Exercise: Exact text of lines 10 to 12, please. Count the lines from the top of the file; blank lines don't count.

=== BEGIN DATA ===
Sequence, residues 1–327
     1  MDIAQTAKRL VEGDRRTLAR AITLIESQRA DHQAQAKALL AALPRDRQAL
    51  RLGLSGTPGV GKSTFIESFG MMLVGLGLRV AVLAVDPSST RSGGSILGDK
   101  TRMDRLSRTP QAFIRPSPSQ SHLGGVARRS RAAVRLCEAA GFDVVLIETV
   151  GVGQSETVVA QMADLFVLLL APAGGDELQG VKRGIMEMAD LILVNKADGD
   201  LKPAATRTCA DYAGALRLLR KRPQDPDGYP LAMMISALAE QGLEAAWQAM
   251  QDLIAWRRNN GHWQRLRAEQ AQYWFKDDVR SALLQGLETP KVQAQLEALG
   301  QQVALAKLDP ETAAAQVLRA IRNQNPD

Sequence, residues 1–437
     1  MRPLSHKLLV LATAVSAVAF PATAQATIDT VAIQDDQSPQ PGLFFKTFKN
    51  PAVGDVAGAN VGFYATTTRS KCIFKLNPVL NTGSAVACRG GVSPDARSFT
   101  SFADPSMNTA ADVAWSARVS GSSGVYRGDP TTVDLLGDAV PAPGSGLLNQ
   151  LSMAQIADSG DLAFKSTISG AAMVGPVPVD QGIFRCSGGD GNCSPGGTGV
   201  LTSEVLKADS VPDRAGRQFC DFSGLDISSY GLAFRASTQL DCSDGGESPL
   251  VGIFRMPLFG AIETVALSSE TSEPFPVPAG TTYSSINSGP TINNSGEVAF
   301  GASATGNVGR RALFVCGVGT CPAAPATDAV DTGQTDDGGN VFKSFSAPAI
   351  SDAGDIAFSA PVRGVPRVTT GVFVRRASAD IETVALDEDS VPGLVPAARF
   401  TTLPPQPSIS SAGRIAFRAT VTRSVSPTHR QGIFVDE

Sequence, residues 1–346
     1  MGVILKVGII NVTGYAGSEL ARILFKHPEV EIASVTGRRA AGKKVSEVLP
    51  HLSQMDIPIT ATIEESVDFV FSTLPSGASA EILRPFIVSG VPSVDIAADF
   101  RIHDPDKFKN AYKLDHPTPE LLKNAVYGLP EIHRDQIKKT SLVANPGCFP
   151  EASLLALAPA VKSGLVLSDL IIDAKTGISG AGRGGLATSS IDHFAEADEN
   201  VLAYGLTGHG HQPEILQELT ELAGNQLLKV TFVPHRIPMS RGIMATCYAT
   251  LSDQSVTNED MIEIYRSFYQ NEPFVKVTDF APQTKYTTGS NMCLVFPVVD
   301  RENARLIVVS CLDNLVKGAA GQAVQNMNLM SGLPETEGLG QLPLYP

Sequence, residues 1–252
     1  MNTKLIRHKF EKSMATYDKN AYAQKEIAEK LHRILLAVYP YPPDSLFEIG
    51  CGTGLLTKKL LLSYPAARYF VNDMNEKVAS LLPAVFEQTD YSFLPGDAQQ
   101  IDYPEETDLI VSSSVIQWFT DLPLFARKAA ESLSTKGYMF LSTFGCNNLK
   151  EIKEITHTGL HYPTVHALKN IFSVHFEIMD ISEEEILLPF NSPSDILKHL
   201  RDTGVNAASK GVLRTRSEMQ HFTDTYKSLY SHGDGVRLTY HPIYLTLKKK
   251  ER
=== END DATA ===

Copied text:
     1  MRPLSHKLLV LATAVSAVAF PATAQATIDT VAIQDDQSPQ PGLFFKTFKN
    51  PAVGDVAGAN VGFYATTTRS KCIFKLNPVL NTGSAVACRG GVSPDARSFT
   101  SFADPSMNTA ADVAWSARVS GSSGVYRGDP TTVDLLGDAV PAPGSGLLNQ